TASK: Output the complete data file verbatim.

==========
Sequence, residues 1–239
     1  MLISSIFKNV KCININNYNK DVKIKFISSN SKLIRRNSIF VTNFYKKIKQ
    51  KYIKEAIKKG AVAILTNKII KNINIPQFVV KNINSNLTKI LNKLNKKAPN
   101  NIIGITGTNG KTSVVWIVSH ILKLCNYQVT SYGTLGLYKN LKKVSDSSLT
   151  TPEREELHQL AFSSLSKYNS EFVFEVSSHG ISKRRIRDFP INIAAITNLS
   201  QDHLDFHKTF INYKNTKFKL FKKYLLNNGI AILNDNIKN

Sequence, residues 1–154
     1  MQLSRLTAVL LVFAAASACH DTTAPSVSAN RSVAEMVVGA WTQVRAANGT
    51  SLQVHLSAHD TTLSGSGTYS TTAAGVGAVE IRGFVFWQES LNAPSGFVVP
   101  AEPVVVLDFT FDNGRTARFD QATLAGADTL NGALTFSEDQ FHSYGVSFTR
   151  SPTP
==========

Sequence, residues 1–239
     1  MLISSIFKNV KCININNYNK DVKIKFISSN SKLIRRNSIF VTNFYKKIKQ
    51  KYIKEAIKKG AVAILTNKII KNINIPQFVV KNINSNLTKI LNKLNKKAPN
   101  NIIGITGTNG KTSVVWIVSH ILKLCNYQVT SYGTLGLYKN LKKVSDSSLT
   151  TPEREELHQL AFSSLSKYNS EFVFEVSSHG ISKRRIRDFP INIAAITNLS
   201  QDHLDFHKTF INYKNTKFKL FKKYLLNNGI AILNDNIKN

Sequence, residues 1–154
     1  MQLSRLTAVL LVFAAASACH DTTAPSVSAN RSVAEMVVGA WTQVRAANGT
    51  SLQVHLSAHD TTLSGSGTYS TTAAGVGAVE IRGFVFWQES LNAPSGFVVP
   101  AEPVVVLDFT FDNGRTARFD QATLAGADTL NGALTFSEDQ FHSYGVSFTR
   151  SPTP